Berlin data centre sold to Penta-Infra Datacenter Holding and Bennbrooke
Further developments at the site are expected from early 2018 with no forced redundancies planned amongst the more than 480 staff.
DB Systel GmbH has concluded the sale of its Berlin data centre to an investment group of companies composed of Dutch and German bodies.
The sale of the DB Systel data centre in Berlin-Mahlsdorf was originally announced in November 2016 and the company said at the time it would want to conclude the divestiture by the end of 2017.
Following the announcement, DB launched an international investor competition to find suitable buyers.
From that competition, Penta-Infra Datacenter Holding and Bennbrooke have emerged as the acquirers in a joint venture.
The sale of the site to Penta Berlin GmbH – the new company being created to manage the data centre asset – has now been approved, whereby confidentiality was agreed as to the purchase price, according to Frank Langer, executive partner at Bennbrooke.
Langer said: “Penta Berlin GmbH is a wholly-owned subsidiary of Penta-Infra Datacenter Holding B.V., an investor specialising in data centres and based in the Netherlands. The investor is acquiring the data centre together with the German company Bennbrooke GmbH – a project development firm located in Frankfurt am Main specializing in data centres.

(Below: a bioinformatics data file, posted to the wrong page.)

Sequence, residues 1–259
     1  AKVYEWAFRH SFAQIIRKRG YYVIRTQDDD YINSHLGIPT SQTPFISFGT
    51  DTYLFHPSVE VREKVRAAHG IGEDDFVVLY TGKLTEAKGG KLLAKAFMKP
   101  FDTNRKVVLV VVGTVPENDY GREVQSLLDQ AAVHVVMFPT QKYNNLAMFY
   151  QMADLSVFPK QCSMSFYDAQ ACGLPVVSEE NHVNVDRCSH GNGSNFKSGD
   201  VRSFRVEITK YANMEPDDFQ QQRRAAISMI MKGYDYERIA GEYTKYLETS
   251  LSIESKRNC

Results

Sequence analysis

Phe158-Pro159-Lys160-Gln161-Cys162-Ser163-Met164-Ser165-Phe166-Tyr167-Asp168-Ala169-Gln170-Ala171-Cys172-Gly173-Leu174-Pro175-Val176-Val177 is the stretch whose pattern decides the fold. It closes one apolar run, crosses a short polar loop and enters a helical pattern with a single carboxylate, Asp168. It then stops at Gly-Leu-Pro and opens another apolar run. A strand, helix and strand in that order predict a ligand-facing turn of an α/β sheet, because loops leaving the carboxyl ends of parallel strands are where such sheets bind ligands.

“The buyer shall operate and further develop the data centre as of January 1, 2018.”
DB Systel is expected to initially remain on the site as a tenant and operator of the data centre for a three-year period “to ensure a seamless transition of its IT-services to cloud computing”.
“Approximately 480 DB-employees will be directly or indirectly affected by the planned sale of the data centre and the migration into the cloud. No forced redundancies are planned,” Langer confirmed.
He continued: “The basis for this decision is DB’s new, future-oriented business strategy that places greater reliance on cloud computing. More than 80% of DB Systel’s approximately 600 IT-applications shall be transferred into the new “DB Enterprise Cloud”.
“The need to maintain own data centres will therefore be significantly reduced during the next five years. The remaining 20% of applications that are not suitable for the cloud shall continue to be stored in leased data centres.”